As time has passed and our hearts have had time to accept and heal, we again smile as we think of those many crazy, fun experiences or those late night sentimental, overly philosophical conversations we all have had with that man.
God does not bring us home until we have fulfilled our purpose. We’ve heard that our entire lives.
Look at how many lives Chris Blankenship has touched. How many memories he has given us to reminisce about.
How many of us can leave a legacy like he has by just being ourselves? By being true to whom we are, one hundred percent of the time? THAT is pretty freakin’ awesome.

That song, that was playing, that told me the truth that I did not want to believe, was Home Sweet Home by Motley Crue. As I took control of my tears that day, I couldn’t help but to smirk at him and think, “Well………..how fitting”. Because there was no way that Chris “Short” Blankenship was going to make a quiet, mundane entrance into the gates of Heaven, he was going to be playing that electric guitar at the highest decibel possible, letting every angel know he was arriving , singing to them,

 

“I’m coming home. Home Sweet Home.”

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10 thoughts on “A “Short” Ride to Heaven

  • Brenda Saunders

    Carey among others things I am so impressed with your expressing writing and as usual you made your mom cry . I remember hearing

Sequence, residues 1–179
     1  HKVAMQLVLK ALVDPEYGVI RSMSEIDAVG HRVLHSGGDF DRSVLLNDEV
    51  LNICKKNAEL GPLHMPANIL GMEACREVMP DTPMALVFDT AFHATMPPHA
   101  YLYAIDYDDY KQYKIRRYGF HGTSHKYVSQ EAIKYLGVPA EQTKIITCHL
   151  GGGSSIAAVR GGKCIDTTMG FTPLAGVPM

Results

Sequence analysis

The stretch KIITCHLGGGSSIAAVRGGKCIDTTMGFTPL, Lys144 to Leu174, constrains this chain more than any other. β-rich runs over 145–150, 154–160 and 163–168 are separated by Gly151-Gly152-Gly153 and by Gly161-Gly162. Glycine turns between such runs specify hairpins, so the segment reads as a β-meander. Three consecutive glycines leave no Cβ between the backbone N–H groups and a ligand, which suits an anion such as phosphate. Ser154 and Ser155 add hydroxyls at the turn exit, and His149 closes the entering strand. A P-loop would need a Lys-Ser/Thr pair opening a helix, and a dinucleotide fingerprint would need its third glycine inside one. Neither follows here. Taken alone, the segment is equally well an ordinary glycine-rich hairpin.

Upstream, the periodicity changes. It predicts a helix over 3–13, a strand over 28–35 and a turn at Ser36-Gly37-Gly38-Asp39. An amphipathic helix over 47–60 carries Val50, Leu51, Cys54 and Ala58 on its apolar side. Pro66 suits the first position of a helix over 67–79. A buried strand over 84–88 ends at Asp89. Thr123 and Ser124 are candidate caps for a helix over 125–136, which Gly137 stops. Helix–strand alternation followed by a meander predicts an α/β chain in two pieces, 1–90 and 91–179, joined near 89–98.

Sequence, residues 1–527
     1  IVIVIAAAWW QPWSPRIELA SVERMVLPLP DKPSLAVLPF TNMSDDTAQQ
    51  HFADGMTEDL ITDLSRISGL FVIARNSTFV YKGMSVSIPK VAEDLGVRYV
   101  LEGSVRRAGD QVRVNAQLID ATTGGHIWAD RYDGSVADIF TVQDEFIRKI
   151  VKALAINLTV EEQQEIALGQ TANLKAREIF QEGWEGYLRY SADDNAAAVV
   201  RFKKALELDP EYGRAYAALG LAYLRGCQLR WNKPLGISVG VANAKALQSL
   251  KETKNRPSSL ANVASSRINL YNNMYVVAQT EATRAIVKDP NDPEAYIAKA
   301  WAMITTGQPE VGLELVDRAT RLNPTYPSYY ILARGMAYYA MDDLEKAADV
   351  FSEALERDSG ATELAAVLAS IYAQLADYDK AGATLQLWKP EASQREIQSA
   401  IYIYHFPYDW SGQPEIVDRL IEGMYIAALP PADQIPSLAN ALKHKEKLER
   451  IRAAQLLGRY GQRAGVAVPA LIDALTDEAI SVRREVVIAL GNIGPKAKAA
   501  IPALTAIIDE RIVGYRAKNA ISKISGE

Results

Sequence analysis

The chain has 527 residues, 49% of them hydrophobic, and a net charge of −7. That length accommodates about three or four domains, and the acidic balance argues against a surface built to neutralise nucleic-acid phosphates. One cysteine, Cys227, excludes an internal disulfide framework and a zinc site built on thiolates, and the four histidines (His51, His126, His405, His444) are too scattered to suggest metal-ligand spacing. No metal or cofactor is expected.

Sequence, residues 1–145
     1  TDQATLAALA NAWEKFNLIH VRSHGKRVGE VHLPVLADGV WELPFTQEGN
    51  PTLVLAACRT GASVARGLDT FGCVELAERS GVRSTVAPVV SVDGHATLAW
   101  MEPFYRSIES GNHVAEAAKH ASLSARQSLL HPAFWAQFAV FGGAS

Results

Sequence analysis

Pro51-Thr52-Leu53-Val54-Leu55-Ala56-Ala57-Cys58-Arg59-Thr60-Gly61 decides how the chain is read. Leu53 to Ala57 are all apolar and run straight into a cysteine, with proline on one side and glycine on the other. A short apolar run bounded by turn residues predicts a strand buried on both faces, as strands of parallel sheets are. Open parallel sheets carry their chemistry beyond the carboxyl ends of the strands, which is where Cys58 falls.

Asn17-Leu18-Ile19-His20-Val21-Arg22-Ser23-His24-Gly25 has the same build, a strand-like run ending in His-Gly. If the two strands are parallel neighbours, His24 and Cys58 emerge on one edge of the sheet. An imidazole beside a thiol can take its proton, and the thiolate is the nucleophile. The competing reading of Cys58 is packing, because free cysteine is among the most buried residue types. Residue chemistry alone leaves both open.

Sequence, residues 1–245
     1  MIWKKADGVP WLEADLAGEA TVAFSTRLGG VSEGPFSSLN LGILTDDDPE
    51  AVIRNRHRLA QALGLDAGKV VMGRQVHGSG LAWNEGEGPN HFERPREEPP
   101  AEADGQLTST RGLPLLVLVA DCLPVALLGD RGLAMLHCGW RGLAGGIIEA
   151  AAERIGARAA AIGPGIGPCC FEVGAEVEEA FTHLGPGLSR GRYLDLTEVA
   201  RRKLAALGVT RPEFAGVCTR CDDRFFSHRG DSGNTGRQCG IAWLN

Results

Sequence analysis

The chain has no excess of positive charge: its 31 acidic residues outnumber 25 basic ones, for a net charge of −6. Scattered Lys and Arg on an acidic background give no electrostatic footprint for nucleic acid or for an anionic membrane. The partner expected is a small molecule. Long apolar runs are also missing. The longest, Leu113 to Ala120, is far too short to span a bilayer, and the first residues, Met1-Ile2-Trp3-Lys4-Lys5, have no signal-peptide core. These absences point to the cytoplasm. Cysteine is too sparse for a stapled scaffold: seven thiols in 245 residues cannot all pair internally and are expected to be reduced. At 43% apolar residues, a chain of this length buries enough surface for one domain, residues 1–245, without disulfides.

Chris’s name a lot during your youth .

    • Carey Post author

      thank you Momma, today I was asked when I knew I could write so “expressively” as you put it and it made me think to my childhood that both my brother & I occasionally wrote like this while growing up.

  • Debbie Adams

    Carey that is such a great memory you have of Short. Thank you for sharing. You can write some deep feelings so well. You have a real gift. I’m sure Short is agreeing.

  • Jody Miles

    One thing struck a chord and that was lack of judgement. Chris made me feel so comfortable even when I was wrapped up with so many insecurities…he was always kind and real. I’m so glad that on his wedding day I told him how I felt about him. Being so extremely nervous, for he was so popular and known (for all the best reasons, I must add) I got up the courage to try to not sound goofy and corny. But I approached the line during their dollar dance on their wedding day, got in line, and when it came to my time to dance with Chris, I expressed how kind he was to me through all those years of family engagements, wrestling cousins, school locker time, etc. I thanked him for never putting me down and always being kind. (I was shaking and it still gets to me thinking back.) He replied, “Awe, Jody, your family.” I called BS, and told him he was like that to everyone. So happy I did. I have so many little memories of his kindness…and I was never in his “group”. He has inspired me to be less judgemental….and less judging has led to more love. I thank him for that. I know that at the time you were falling to pieces on the tractor seat…I was crumpled up on my bathroom floor doing that ridiculous, bouncing cry. May our moments of loss allow us to realize all of our potential gain. Thanks for sharing. –J

    • Carey Post author

      What a wonderful, honest response. Thank you for sharing. Your last comment got me good. We all had our own reactions that was devastating and life altering to us.